Operation Planning: Overview, Example and Purpose

Operation Planning

What is Operational Planning?

Operational planning requires identifying and detailing the measures that individuals can take to support the executive management team’s plans and priorities. An operating plan is highly thorough, outlining the who, what, where, and when involved in the management of the company’s everyday tasks and low-level operations. The tactical plan is assisted by this kind of plan, which is more of a mid-level plan.

The schedule itself has to follow certain requirements in order to qualify as an operations plan. The first condition is that, along with tactical and strategic strategies, the strategy exists. These other two plans are accompanied by an operating plan which includes further information about how an organization and its team members can accomplish the objectives defined in the high-level plans.

They need to ensure that supporting management team members have a clear understanding of what they need to do to facilitate the accomplishment of the priorities identified as executive management members develop the operational and strategic plans. Providing the information contained in an operating plan will provide a better sense of their duties to representatives of supportive management.

Only a single region or department of a company should be protected by an operations plan. Usually, if the strategy is too broad, it will not get into the level of detail required to highlight how those procedures and processes will be accomplished. For example, if an operating plan was produced by a manufacturing company, it might outline a strategy for each of the goods it produces or for each of the plants it operates.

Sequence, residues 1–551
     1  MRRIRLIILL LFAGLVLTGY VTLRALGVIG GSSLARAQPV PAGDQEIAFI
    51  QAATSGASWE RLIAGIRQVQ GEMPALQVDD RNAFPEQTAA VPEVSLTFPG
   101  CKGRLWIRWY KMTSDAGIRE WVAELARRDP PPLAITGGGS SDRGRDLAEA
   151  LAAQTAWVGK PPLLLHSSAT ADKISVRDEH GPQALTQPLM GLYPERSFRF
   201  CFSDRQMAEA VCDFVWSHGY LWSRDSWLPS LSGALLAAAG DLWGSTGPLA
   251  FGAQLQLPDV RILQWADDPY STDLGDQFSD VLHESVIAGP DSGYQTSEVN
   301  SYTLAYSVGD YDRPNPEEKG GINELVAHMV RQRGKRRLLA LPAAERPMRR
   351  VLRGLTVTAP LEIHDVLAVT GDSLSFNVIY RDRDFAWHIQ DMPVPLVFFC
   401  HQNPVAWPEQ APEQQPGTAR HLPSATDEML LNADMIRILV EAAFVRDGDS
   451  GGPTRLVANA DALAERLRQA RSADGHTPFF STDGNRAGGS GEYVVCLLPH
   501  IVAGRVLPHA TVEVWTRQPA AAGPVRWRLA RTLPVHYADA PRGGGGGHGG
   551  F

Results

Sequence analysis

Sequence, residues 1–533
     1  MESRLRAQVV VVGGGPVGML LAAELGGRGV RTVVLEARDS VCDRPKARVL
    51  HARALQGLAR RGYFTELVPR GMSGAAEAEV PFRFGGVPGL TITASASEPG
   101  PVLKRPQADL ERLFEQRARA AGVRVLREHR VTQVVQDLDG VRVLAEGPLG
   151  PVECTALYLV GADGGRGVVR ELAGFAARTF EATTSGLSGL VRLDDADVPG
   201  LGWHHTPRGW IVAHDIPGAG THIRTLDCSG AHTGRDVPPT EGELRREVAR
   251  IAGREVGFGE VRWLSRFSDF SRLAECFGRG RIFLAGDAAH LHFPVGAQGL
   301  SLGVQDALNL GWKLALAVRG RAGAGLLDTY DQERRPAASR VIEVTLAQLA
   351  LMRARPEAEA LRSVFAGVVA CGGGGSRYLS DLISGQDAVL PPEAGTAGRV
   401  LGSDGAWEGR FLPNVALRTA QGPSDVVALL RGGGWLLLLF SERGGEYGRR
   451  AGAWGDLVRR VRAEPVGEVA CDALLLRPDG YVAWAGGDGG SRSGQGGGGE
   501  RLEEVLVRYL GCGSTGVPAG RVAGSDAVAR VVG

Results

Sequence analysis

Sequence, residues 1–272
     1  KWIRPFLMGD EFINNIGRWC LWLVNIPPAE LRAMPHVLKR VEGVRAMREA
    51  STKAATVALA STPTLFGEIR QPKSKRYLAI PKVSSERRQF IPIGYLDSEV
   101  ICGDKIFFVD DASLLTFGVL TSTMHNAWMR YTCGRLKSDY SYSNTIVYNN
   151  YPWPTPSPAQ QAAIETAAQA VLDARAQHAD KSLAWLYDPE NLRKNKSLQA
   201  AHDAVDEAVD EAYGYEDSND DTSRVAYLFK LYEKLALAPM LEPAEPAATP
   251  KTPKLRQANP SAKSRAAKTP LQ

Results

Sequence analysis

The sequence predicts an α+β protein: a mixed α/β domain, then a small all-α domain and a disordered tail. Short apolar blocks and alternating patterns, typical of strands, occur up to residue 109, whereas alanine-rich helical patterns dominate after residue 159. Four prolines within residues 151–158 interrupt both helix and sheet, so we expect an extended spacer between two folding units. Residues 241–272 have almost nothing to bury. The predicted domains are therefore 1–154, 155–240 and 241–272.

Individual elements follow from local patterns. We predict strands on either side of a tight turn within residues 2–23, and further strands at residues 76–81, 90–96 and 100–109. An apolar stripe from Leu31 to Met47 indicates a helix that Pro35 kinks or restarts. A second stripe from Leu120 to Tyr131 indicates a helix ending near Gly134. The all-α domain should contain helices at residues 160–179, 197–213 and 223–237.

When a company or organization draws from a company-wide business strategy and brings it under a microscope, organizational preparation is what happens. It is future-oriented: it sets out department budgets and objectives to propel the strategic plan’s progress for the next 1-3 years with specific, team-based activities.

When a whole group buys-in, setting due dates for projects, calculating targets for success, reporting on challenges, and collaborating efficiently, organizational strategies work best. When there is coordination across departments, they work much better to ensure that the whole machine is running smoothly as each team hits its benchmark.

What Are the Benefits of Operational Planning?

Every strategy has a major impact on all concerned team members, and some of those can be to the advantage or to the detriment of your business. It’s best to find out as soon as possible if it’s to their detriment, so you can change your organizational strategy and pivot quickly.

That is the whole point of operational planning: in real-time, or at any benchmark, you get to see the impact of the activities on the business’s bottom line, so you know exactly when to pivot. And you know exactly when things go wrong and why with a strategy that is as customary for each department as an operating plan.